Do You Know a “Naughty” Dog?

manners dogs_knocked_over_plant
  • Jumping, Chewing, Barking, Digging;
  • Play-biting; raiding garbage; escaping; running away;
  • Leaping on guests; chasing the cat; chasing the kids;
  • Chasing the neighbors; leaping furniture in a single bound;
  • Parading about with “forbidden-Fruit-of-the-Looms”;
  • Playing keep away with stolen goods;
  • Disemboweling furniture;
  • Eating drywall; humping visitors’ ankles; charging the door;
  • Tugging on pant legs; counter surfing … 

 

       … The list is long and I’m sure you might even be able to add to it, if you know a dog in need of improved manners!

 

Dog and puppy manners are a fundamental aspect of companion animal training.

Rude Rovers may find themselves taking a one-way ride to the local animal shelter if they fail to learn self-control. The shame of it is, no matter how naughty the dog, the dog can’t be blamed. Even more disconcerting: virtually every dog surrendered because of problem behavior could have been quickly and humanely improved. All it takes is the right dog behavioral modification methods and willing human teachers.

Dog manners and impulse control are learned–or not!

Without proper instruction dogs will be dogs, behaving in ways people may find off-putting. However, from the dog’s perspective, every action is a means to an end, or she wouldn’t waste the energy. When dogs repeat misbehaviors, it is because reinforcement– desired results– occurs as the direct result of those actions.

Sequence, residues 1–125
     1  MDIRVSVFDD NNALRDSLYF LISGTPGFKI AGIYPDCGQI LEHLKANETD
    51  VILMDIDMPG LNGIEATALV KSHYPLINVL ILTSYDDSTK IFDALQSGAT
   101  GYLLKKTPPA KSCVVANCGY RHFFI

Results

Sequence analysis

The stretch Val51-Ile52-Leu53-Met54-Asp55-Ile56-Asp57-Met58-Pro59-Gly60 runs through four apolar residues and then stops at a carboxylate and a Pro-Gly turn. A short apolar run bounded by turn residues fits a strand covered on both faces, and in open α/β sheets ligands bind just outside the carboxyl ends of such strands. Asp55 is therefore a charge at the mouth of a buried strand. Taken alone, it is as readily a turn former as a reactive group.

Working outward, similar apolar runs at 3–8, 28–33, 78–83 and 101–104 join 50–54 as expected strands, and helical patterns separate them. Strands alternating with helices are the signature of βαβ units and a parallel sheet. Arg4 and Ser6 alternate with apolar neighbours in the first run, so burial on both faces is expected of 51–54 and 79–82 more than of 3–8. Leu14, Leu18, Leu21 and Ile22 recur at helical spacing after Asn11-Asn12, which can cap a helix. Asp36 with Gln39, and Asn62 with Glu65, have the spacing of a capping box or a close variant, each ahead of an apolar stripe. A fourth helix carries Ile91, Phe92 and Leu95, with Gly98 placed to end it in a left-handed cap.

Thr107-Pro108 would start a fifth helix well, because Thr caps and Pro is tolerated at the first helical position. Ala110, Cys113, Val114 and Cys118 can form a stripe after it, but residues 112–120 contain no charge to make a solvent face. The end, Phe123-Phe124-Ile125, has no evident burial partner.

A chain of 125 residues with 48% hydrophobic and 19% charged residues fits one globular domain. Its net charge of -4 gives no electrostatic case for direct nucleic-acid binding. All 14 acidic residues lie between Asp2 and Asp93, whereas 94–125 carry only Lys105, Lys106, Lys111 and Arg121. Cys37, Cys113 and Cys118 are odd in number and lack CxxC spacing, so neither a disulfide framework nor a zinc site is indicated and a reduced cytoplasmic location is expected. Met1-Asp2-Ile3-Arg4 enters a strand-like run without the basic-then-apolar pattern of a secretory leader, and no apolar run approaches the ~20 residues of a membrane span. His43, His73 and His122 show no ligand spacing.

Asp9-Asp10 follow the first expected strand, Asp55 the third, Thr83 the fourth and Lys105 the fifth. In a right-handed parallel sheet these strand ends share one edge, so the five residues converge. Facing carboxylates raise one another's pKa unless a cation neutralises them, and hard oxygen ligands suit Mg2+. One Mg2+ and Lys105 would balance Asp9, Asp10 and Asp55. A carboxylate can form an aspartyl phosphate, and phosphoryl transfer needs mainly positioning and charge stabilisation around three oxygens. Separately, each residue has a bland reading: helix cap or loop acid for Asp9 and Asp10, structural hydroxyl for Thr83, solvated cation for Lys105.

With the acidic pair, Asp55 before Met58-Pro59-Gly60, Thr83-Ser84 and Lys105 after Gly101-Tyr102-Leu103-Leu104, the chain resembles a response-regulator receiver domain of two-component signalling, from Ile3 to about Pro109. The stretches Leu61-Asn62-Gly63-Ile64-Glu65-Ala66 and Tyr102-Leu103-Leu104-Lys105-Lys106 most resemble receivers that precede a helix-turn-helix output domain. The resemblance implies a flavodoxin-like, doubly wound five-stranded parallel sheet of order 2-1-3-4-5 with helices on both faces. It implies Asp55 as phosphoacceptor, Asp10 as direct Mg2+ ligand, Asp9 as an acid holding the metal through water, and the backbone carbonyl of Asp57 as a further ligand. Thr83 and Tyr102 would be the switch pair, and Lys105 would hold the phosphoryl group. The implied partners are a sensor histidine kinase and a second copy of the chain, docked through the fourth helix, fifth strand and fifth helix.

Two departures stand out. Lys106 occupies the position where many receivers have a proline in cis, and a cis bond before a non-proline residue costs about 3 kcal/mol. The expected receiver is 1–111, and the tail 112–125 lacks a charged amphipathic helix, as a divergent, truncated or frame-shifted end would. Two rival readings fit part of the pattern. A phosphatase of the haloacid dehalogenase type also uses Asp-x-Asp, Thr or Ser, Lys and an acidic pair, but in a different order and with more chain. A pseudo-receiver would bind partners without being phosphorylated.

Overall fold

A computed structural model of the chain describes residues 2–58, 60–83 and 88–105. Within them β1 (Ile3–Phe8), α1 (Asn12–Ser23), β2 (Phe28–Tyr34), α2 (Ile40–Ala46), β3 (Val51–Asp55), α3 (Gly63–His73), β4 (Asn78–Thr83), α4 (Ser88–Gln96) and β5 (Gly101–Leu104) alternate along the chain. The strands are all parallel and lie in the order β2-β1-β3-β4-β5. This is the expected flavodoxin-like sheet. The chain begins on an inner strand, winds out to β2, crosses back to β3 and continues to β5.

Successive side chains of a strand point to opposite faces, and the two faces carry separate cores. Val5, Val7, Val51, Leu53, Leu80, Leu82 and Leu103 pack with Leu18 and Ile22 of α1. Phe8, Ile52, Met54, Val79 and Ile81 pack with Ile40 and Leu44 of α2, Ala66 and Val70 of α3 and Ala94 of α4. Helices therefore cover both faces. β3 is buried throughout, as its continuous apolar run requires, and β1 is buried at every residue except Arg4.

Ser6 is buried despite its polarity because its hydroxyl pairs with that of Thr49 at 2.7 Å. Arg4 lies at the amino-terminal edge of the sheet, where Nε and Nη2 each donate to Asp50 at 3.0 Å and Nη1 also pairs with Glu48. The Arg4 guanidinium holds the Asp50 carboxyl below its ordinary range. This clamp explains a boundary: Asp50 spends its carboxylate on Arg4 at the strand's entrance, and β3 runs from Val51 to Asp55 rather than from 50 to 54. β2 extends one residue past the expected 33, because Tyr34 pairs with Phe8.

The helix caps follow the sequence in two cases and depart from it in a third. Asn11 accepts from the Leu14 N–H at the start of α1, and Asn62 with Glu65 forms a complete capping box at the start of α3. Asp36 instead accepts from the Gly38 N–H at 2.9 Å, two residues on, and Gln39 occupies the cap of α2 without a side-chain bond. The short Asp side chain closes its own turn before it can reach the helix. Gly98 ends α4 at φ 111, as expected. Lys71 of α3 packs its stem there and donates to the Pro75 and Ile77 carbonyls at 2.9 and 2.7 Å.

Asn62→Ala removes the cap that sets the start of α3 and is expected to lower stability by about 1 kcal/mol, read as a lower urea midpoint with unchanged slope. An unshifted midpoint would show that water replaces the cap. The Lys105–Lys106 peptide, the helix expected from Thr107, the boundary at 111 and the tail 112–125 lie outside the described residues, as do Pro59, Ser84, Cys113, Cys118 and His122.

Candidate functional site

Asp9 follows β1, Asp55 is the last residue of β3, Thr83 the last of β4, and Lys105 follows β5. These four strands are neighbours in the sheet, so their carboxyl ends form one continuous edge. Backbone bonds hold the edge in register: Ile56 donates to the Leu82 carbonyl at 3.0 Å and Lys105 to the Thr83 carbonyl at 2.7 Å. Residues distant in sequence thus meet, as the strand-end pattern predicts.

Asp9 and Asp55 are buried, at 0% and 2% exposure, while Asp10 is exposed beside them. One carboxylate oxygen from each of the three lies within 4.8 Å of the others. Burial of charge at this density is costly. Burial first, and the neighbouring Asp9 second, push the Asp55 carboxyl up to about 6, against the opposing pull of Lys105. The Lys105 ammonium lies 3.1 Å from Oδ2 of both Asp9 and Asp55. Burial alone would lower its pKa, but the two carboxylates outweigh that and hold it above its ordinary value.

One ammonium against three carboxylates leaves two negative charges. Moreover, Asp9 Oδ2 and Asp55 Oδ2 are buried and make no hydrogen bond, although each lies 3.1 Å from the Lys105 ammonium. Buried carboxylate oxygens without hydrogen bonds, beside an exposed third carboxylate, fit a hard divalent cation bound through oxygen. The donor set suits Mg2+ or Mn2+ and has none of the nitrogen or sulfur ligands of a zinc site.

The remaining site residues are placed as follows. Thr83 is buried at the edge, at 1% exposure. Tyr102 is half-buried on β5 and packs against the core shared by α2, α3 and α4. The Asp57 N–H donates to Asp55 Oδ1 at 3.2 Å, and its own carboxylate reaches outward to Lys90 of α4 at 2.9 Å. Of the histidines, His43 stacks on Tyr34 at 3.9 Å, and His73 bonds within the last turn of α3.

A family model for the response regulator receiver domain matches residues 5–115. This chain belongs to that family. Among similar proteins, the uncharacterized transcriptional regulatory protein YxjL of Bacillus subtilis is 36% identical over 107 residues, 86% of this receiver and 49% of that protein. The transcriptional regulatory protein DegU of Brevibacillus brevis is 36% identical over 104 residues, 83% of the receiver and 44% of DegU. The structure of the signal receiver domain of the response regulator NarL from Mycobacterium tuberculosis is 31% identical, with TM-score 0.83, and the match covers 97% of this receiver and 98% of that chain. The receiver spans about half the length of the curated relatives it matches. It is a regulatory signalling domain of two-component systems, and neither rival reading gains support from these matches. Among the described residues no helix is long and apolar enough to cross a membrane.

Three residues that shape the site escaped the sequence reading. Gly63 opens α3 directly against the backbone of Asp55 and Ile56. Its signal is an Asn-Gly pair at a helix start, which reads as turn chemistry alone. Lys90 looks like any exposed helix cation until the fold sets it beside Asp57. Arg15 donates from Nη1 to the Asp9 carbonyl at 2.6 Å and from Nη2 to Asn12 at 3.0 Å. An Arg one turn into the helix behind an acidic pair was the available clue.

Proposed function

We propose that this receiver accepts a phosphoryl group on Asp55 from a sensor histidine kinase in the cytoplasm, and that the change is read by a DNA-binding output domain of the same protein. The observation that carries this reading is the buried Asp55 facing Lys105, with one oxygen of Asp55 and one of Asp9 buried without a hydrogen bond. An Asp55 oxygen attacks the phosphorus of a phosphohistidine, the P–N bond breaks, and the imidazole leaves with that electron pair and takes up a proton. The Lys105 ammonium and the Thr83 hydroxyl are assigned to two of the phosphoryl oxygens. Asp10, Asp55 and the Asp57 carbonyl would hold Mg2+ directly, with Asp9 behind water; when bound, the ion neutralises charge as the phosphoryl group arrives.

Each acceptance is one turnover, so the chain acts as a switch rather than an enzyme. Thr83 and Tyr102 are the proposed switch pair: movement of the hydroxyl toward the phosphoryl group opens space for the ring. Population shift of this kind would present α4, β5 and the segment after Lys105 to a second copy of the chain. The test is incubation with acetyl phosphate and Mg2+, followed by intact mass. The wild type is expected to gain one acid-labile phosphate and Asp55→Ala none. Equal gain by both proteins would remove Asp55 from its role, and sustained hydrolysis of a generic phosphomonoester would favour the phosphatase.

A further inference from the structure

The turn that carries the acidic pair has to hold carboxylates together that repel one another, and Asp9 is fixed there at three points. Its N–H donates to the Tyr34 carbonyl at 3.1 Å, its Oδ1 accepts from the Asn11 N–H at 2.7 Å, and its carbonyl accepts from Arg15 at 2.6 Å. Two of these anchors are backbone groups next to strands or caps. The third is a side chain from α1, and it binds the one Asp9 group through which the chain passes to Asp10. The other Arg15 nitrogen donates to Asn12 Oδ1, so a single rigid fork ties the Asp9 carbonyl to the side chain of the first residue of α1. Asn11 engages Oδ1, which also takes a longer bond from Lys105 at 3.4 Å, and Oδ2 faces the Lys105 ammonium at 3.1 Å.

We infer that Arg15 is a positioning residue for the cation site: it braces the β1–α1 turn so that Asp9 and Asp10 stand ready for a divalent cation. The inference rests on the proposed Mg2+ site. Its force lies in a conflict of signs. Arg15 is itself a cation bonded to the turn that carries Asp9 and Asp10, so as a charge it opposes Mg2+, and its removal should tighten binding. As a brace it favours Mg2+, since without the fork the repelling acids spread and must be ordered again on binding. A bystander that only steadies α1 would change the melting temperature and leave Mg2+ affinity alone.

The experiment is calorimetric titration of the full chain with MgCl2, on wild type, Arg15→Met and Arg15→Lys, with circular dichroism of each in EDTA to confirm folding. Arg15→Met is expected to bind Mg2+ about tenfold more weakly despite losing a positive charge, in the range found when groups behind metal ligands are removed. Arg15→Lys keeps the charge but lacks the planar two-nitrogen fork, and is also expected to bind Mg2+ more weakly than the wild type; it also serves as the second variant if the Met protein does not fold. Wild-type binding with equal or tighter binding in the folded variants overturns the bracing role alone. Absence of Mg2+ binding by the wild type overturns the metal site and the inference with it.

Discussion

Training for improved dog manners starts with people training.

Learning how to reinforce desired actions and how to humanely extinguish inappropriate, dangerous, and antisocial dog behavior is one of the most rewarding aspects of training for both pets and their people. When behavior modification is done correctly, dogs never need to be told “no”; instead they are taught to make different choices that result in them not starting to misbehave in the first place.

Consider this for a moment:

Which would you prefer: a dog that stops misbehaving in response to interrupting commands, such as “Leave it!” and “Off!”, or a dog that doesn’t take things or jump up unless given permission? Putting an end to family members’ scolding, frustration, and anger by increasing a dog’s cooperation and self-control is the best aspect of dog training I offer.

Check out some of my training videos, below:

These are just a few examples of some of students’ dogs getting some “dog improvement!” If you are interested in learning how to improve your puppy or dog’s manners and self-control, sign-up for one of my dog training classes or for a private consultation.